Two hundred and fifty years after his birth, Wolfgang Amadeus Mozart might be the most known classical music composer, but his legacy is still shadowed by a mysterious death.
Buried in an unmarked grave, without a casket or his widow at the funeral, historians don't know exactly what killed the 35-year-old musical genius Dec. 5, 1791. His remains have been lost to history.
Eyewitness records written a decade after Mozart's death indicate that the composer was extremely swollen during his final days of illness and had back pain. By using that little bit of information, many have theorized about his cause of death -- from poison by the hand of a jealous pupil who was convinced Mozart was having an affair with his wife, to scarlet fever or trichinosis.
But in a new article in the Annals of Internal Medicine, researchers in London, Vienna and Amsterdam are proposing that Mozart actually died from complications of a bad case of strep throat going around a nearby military hospital.
"He was thrown in a pauper's grave and nobody marked it very well," said John Baron, professor of musicology at Tulane University in New Orleans. "Mozart had scarlet fever as a child and his health was never good as a result after that."
"Some of the far-fetched theories are that he was poisoned," said Baron. "But the prevailing theory is that he was in frail health, and it was the middle of winter and he was not taking care of himself."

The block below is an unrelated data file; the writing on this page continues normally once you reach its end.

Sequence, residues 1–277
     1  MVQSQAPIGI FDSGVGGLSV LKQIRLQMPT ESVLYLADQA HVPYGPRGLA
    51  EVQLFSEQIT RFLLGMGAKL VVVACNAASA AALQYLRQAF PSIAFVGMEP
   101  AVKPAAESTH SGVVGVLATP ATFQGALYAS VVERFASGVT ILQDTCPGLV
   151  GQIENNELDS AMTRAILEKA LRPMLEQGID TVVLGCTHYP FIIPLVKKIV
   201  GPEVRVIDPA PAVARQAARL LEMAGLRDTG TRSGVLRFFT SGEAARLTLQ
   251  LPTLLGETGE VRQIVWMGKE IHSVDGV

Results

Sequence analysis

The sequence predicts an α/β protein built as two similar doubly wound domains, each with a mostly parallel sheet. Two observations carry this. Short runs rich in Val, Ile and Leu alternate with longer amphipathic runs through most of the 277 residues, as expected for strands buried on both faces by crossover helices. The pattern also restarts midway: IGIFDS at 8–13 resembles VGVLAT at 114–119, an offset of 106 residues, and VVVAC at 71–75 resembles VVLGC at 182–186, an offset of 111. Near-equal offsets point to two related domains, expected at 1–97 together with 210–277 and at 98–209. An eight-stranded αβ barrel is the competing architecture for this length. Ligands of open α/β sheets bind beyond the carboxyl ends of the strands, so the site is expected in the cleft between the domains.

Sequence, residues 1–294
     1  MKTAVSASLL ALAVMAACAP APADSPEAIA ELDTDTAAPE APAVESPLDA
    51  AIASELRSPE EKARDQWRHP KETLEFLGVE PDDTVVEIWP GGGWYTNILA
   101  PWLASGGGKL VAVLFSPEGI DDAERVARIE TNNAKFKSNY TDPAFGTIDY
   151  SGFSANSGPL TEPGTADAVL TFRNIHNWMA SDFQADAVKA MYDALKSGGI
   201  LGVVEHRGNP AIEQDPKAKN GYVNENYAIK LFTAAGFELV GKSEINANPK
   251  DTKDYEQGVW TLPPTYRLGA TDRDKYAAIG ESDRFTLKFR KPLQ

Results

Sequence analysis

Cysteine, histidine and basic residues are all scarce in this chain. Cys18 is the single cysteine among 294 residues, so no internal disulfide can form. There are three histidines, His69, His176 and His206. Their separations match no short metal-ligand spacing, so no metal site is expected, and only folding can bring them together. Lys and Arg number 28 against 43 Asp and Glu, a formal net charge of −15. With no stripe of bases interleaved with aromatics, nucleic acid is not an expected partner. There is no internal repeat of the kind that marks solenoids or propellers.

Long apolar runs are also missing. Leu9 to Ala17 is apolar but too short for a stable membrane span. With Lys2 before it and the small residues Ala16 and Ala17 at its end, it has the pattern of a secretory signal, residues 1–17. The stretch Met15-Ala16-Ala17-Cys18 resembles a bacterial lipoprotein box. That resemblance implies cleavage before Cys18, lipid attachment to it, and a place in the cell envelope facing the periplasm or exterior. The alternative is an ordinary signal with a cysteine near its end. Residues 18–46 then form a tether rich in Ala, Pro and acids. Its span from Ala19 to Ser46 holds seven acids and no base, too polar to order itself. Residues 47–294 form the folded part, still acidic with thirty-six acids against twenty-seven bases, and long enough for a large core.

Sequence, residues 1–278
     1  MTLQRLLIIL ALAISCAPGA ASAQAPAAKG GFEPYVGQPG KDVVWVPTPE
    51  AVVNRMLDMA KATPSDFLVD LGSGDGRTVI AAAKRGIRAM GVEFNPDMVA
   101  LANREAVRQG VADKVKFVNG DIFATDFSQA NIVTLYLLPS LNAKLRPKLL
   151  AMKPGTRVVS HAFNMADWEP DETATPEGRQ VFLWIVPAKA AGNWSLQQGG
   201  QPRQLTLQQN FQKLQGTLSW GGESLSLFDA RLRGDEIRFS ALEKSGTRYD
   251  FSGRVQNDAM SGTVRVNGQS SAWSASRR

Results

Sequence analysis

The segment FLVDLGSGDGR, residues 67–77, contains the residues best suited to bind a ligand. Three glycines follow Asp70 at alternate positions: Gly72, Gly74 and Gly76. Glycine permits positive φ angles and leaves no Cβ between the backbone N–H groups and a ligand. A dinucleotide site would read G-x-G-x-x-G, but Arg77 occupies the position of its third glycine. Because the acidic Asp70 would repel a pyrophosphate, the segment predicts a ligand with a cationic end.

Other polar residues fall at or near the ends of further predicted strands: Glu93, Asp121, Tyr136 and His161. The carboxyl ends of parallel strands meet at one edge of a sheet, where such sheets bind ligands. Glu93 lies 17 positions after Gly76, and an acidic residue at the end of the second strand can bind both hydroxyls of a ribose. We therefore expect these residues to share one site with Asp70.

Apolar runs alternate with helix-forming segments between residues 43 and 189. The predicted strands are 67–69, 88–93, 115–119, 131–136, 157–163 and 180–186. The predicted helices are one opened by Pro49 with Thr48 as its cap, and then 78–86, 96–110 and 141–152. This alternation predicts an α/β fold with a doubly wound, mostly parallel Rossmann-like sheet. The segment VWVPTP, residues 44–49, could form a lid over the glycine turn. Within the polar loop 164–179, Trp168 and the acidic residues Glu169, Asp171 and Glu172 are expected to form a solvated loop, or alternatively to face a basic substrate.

Mozart's death registry simply lists hitziges Frieselfieber, fever and rash.
Dr. Bruce Goldberger, chief of forensic pathology at the University of Florida in Gainesville, doesn't see a way any of these theories could be proven.
"Without the body, we're left with speculation," said Goldberger. "At this point, I'm not sure a body would help you either."
Yet, historians and Mozart fans may never let it rest.
This week's article took quite a different approach to the mystery of Mozart's death. While other historians attempted to match an infection to Mozart's reported symptoms in his final days, the authors of the new paper decided to document which diseases killed other adults in Vienna during the winters of 1790, 1791, and 1792 and then matched those outbreaks to the Mozart's purported symptoms.
"I think those other theories are trying to explain a very unexpected death," said Andrew Steptoe, co-author on the study and a professor of psychology and epidemiology at University College London.
"It was unusual to die within a couple of weeks of symptoms. Up until that time he seemed to be extremely active," said Steptoe.
By carefully translating and analyzing the death registries kept for the 3,442 men 1,569 women killed by disease in Vienna during those winter years, Steptoe and his colleagues came to the theory that Mozart died of strep complications.
As it turns out, an outbreak of streptococcal infection (like the strep bacteria in a sore throat) killed an inordinate amount of young men in Vienna the winter Mozart died.
Steptoe guessed that Mozart may have caught the infection in a crowd at the Opera House where his "Magic Flute" opera was playing, or at the Masonic lodge where Mozart was a member.